‘Could a rule be given from without, poetry would cease to be poetry, and sink into a mechanical art. It would be μóρφωσις, not ποίησις. The rules of the IMAGINATION are themselves the very powers of growth and production. The words to which they are reducible, present only the outlines and external appearance of the fruit. A deceptive counterfeit of the superficial form and colours may be elaborated; but the marble peach feels cold and heavy, and children only put it to their mouths.’ [Coleridge, Biographia ch. 18]

‘ποίησις’ (poiēsis) means ‘a making, a creation, a production’ and is used of poetry in Aristotle and Plato. ‘μóρφωσις’ (morphōsis) in essence means the same thing: ‘a shaping, a bringing into shape.’ But Coleridge has in mind the New Testament use of the word as ‘semblance’ or ‘outward appearance’, which the KJV translates as ‘form’: ‘An instructor of the foolish, a teacher of babes, which hast the form [μóρφωσις] of knowledge and of the truth in the law’ [Romans 2:20]; ‘Having a form [μóρφωσις] of godliness, but denying the power thereof: from such turn away’ [2 Timothy 3:5]. I trust that's clear.

There is much more on Coleridge at my other, Coleridgean blog.

Friday, 2 May 2014

Readthrough 2 -- Antinomies of Realism. Chapter 3: Zola



After the two positioning chapters on ‘narrative’ and ‘affect’ Jameson moves into four case-study chapters: 3 on ‘Zola, or; the Codification of Affect’; 4 on ‘Tolstoy, or; Distraction’; 5 on Pérez Galdós, or; the Waning of Protagonicity’ and 6 on ‘George Eliot and Mauvaise Foi'. Is there an uglier neologism in the world than ‘protagonicity’? Still: not to digress.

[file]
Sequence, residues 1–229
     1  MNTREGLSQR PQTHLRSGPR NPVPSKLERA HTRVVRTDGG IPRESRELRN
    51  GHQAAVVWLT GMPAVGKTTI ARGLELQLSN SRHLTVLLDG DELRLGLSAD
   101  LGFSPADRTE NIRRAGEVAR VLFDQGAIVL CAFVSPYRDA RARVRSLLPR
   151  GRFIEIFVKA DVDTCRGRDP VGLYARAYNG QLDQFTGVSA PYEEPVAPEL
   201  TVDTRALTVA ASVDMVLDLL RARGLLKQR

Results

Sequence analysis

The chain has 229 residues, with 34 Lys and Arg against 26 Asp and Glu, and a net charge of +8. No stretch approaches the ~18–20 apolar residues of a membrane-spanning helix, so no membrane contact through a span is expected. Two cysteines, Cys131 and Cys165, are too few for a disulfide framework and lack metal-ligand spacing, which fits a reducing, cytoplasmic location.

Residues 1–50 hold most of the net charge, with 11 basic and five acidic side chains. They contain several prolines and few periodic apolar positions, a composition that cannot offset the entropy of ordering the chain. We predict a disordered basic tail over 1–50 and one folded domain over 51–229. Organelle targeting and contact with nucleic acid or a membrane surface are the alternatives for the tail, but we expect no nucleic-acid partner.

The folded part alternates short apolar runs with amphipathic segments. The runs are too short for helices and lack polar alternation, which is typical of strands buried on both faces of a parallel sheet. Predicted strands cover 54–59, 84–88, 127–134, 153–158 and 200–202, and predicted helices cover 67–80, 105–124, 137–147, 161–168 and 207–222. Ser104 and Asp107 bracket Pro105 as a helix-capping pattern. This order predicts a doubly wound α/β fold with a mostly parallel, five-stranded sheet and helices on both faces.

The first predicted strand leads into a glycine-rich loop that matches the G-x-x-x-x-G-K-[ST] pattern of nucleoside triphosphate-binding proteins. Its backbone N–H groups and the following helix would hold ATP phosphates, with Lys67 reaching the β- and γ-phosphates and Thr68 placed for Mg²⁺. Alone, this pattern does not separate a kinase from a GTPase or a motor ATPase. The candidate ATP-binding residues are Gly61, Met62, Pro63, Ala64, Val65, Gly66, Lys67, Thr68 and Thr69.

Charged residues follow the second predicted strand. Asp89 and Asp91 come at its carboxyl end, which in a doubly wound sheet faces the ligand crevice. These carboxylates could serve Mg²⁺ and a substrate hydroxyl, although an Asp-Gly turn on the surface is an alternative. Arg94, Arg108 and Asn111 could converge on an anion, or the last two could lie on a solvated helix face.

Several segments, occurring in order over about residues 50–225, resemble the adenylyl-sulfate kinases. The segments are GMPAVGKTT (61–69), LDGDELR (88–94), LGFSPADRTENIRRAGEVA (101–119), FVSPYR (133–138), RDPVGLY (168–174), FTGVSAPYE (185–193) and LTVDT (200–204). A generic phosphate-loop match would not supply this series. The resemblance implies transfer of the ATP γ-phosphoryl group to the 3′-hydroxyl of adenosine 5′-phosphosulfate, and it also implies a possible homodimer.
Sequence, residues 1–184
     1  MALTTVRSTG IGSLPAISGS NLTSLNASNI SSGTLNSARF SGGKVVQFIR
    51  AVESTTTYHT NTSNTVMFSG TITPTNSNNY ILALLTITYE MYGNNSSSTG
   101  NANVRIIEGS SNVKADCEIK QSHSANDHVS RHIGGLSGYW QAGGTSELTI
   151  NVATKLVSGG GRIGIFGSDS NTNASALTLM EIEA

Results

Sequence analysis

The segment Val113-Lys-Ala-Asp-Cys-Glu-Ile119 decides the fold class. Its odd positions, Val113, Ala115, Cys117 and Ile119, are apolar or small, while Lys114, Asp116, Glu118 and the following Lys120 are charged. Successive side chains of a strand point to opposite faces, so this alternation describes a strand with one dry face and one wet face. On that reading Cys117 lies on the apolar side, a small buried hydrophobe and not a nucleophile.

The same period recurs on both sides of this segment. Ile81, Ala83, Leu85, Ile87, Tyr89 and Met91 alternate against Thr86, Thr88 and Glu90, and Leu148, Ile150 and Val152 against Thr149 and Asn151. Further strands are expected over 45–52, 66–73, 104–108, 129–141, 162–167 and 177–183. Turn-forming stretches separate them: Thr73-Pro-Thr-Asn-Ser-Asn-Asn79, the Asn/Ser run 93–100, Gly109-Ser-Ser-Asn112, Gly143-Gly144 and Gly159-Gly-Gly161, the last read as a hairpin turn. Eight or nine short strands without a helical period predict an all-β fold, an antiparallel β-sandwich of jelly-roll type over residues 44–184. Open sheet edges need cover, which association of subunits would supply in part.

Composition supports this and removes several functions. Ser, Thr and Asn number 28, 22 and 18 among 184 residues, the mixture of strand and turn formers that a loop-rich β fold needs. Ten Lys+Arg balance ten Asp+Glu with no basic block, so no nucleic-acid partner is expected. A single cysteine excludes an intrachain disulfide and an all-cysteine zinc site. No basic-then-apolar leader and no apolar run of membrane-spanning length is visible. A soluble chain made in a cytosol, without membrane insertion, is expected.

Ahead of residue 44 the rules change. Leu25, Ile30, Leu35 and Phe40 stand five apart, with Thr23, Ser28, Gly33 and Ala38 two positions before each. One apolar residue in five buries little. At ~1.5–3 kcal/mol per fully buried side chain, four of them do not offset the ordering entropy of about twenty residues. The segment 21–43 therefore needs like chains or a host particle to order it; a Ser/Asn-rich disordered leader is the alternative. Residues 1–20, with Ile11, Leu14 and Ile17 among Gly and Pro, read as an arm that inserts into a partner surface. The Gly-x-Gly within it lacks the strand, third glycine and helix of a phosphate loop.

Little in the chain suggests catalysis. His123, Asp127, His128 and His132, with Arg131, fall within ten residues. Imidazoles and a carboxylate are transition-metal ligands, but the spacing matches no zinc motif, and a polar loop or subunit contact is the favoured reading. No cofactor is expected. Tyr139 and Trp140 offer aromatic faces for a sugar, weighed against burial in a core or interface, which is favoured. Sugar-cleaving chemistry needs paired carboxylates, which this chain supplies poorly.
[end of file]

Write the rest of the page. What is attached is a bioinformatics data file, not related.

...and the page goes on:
The Zola chapter is lengthy but thin, buoyed with an elephant's parade of immense quotations from various Rougon-Macquart novels. Many of these are a page, or a page-and-a-half, or even two pages long; all are printed in small font; the French followed by an English translation. The argument is that Zola ‘offers some of the richest and most tangible deployments of affect in nineteenth-century realism’, and I suppose the superlong blockquotes are there to display such moments. Which is just as well, since when he glosses the passages J.’s prose tends to wax opaque:
Affect is perhaps here as an invisible figuration, which doubles the literal invisibility; a convex that shows through, as though reality itself blushed imperceptibly, and some strange new optical illusion separated the trees from one another stereoscopically, allowing their three dimensions to be visible three-dimensionally. [47]
Say what? This does not (for example) follow a passage in which Zola describes trees; rather, it follows a general couple of paragraphs on how ‘the registration of affect’ begins with the second and third Rougon-Macquart novels. I suppose it falls under the rubric of dialecticism to trope Zola’s style as a vividly visual 3D cinema (a passage from La Terre captures, apparently, ‘the boustrophedon of the camera eye, giving us now the landscape, now the town’ [48]) that is simultaneously invisible, a lens that makes nature blush, a sort of trompe-l'œil that is actually imperceptible ... no. No, I don’t follow.

One thing this chapter argues is that Zola generates his ‘affect’ via what J. calls his ‘sensory onslaughts’ [65]. There are several examples given, but I’ll reproduce just one (from chapter 3 of Le Ventre de Paris) where seafood unloaded for sale at Les Halles is described in a chocka paragraph. (I’ll omit the French):